(509w) Self-Assembled Monolayers for Electrocatalysis: A Theoretical Study of CO2 Reduction Reaction to CO over Ag | AIChE

(509w) Self-Assembled Monolayers for Electrocatalysis: A Theoretical Study of CO2 Reduction Reaction to CO over Ag


Yang, Z. - Presenter, University of Massachusetts-Lowell
Che, F., University of Massachusetts Lowell
Gu, Z., University of Massachusetts Lowell
Self-assembled monolayers (SAMs) have been used in many applications, including sensing, nanofabrication, and catalysis. 4-Mercaptobenzonitrile (4-MBN) attracts increasing interests to understand key electrochemical characteristics via the Stark effect. The delocalized electrons in 4-MBN can show stabilization effects via non-local interaction and modified electronic properties over metal surfaces, where the heterogeneous catalysis occurs. Despite the potential catalytic ability of 4-MBN SAMs, few works explore catalytic properties of 4-MBN SAMs. The catalytical electroreduction of CO2 (CO2RR) into valuable products provides a sustainable/carbon-neutral approach to store the renewable energy. Ag exhibits good CO2-to-CO selectivity compared to other metallic catalysts. However, the major limitations of CO2-to-CO over Ag are: (1)high overpotential of the initial CO2 activation; (2) low stability of surface under-coordinated active site under high-overpotential condition. One approach is the surface modification by catalytic SAMs.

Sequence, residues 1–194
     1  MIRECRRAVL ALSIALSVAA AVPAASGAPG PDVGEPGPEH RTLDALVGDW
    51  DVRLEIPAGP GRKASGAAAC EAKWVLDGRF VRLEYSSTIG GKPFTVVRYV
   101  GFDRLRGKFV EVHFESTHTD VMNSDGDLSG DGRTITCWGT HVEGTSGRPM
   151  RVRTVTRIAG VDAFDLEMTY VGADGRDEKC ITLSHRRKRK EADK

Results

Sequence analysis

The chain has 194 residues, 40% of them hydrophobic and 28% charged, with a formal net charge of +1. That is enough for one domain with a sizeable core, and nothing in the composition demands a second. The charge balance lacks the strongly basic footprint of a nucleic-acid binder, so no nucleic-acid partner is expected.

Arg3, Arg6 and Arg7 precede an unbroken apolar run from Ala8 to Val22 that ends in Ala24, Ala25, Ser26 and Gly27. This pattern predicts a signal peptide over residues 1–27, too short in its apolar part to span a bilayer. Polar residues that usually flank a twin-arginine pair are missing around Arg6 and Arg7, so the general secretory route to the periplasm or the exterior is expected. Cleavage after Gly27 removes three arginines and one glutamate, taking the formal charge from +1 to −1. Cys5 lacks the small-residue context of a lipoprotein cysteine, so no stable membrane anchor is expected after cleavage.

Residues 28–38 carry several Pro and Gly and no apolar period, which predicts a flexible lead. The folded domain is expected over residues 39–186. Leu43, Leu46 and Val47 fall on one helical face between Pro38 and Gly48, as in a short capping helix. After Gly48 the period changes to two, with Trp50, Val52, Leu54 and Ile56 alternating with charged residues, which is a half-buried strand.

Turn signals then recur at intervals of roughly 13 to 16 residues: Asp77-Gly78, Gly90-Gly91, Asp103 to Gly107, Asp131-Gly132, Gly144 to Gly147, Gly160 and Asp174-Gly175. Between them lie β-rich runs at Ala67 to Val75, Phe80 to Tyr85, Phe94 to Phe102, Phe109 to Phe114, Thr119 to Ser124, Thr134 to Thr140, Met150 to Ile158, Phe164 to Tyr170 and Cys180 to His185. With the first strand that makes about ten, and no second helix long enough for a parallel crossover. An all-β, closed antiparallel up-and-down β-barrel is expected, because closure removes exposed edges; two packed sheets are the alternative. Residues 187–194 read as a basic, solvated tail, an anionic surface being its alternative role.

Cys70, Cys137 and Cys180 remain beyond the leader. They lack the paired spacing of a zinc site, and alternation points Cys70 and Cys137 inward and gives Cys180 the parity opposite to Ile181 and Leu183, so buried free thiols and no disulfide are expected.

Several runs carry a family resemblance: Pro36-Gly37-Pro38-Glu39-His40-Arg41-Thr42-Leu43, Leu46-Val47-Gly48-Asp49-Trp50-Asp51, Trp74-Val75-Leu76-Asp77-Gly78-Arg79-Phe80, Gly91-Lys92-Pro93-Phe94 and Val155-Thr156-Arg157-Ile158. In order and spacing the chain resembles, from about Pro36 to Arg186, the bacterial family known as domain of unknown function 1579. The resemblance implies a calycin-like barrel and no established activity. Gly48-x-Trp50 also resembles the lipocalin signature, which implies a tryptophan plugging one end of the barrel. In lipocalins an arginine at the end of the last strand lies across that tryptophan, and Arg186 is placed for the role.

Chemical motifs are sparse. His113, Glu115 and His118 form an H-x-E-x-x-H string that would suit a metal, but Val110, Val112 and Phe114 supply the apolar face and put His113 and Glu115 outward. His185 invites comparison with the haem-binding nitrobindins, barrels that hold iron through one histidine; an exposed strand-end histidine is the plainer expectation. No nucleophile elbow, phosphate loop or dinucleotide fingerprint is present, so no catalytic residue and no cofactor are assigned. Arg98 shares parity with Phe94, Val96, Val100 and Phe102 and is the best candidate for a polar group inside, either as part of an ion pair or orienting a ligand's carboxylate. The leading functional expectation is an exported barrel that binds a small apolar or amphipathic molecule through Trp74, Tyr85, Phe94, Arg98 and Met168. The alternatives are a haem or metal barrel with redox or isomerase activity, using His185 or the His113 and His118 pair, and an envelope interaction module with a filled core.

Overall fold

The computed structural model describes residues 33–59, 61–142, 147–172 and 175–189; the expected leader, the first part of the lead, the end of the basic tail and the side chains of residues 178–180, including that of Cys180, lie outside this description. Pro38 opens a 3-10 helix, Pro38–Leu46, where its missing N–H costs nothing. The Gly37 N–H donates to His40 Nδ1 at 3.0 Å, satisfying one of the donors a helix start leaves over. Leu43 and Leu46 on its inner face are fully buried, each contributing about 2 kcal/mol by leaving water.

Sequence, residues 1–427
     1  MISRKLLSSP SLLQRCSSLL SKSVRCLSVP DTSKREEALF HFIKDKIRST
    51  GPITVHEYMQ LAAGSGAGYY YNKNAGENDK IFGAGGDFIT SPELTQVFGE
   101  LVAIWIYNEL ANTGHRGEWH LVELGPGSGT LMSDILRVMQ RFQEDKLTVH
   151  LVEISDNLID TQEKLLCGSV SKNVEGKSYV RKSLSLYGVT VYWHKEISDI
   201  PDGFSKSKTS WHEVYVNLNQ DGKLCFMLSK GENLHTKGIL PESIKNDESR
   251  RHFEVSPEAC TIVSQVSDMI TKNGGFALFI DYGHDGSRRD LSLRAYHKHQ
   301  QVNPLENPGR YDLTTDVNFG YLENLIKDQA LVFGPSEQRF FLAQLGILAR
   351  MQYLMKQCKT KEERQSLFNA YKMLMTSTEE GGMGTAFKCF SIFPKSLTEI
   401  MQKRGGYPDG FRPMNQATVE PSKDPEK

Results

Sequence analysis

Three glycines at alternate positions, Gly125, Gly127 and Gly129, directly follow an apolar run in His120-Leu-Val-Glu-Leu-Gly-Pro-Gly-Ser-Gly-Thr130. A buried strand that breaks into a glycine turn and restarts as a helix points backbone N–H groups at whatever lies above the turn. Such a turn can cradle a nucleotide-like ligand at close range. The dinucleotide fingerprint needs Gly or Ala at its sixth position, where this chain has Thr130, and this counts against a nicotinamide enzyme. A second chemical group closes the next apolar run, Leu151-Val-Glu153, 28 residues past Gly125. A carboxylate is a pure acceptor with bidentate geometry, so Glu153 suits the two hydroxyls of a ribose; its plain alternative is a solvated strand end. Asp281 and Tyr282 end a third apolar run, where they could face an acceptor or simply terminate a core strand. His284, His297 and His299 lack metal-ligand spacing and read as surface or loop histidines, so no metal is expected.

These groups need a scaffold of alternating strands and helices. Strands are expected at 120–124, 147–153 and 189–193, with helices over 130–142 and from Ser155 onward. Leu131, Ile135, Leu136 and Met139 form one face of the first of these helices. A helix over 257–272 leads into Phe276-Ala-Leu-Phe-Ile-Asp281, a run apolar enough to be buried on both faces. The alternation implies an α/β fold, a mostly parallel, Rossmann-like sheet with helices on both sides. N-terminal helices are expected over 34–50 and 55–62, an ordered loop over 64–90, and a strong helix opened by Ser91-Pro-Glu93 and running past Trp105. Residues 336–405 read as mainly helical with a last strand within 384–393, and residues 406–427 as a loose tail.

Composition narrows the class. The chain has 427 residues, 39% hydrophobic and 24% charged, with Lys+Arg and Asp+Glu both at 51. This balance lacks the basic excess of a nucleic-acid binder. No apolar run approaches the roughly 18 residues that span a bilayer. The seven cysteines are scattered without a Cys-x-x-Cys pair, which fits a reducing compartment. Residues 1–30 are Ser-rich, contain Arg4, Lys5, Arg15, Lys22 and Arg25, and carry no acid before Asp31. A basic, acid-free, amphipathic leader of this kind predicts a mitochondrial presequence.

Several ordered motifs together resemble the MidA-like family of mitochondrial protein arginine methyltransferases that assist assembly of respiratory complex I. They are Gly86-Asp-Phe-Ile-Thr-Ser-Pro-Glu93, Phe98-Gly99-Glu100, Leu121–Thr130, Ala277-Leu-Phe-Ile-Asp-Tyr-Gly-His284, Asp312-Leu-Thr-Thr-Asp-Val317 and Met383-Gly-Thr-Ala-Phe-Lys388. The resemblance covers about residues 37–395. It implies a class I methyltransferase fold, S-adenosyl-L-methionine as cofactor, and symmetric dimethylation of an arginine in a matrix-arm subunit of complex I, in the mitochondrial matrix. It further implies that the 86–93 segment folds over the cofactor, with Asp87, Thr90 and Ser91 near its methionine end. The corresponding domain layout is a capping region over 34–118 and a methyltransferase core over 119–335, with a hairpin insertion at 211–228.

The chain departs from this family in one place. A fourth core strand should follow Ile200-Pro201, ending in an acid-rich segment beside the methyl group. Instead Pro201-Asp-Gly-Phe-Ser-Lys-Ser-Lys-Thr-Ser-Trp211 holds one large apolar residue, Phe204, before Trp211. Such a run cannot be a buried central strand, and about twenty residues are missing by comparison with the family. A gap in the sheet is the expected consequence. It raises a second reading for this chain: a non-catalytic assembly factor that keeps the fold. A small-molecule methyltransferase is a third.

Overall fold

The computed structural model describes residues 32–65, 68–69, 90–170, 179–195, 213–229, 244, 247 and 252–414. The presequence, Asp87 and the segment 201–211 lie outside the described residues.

First-principles density functional theory (DFT) calculations were performed on 4-MBN/Ag systems. DFT calculations show that the presence of 4-MBN SAMs stabilized the Ag(211) facet, a high-catalytic active facet during CO2RR-to-CO reaction (Figure 1(a)). A local high electric field near Ag induced by 4-MBN SAMs was observed and found linearly proportional to 4-MBN coverages (Figure 1(b)). The induced local electric field was able to alter electronic properties of Ag surfaces and, thus, might change thermodynamics and kinetics of the initial CO2 activation under electrocatalytic conditions (i.e., external electric fields at the electrode/electrolyte interface). We then applied an external electric field to the CO product adsorption. With 4-MBN SAMs, dipole moment and polarizability of the CO adsorption over Ag surfaces were notably influenced as shown in Figure 1(c). Additionally, we observed that 4-MBN SAMs exhibited new organic active sites to activate CO2 and stabilize OCOH*. The surface stabilization effect and electronic surface modification via 4-MBN SAMs provide a new strategy for catalyst design with high efficiency and activity.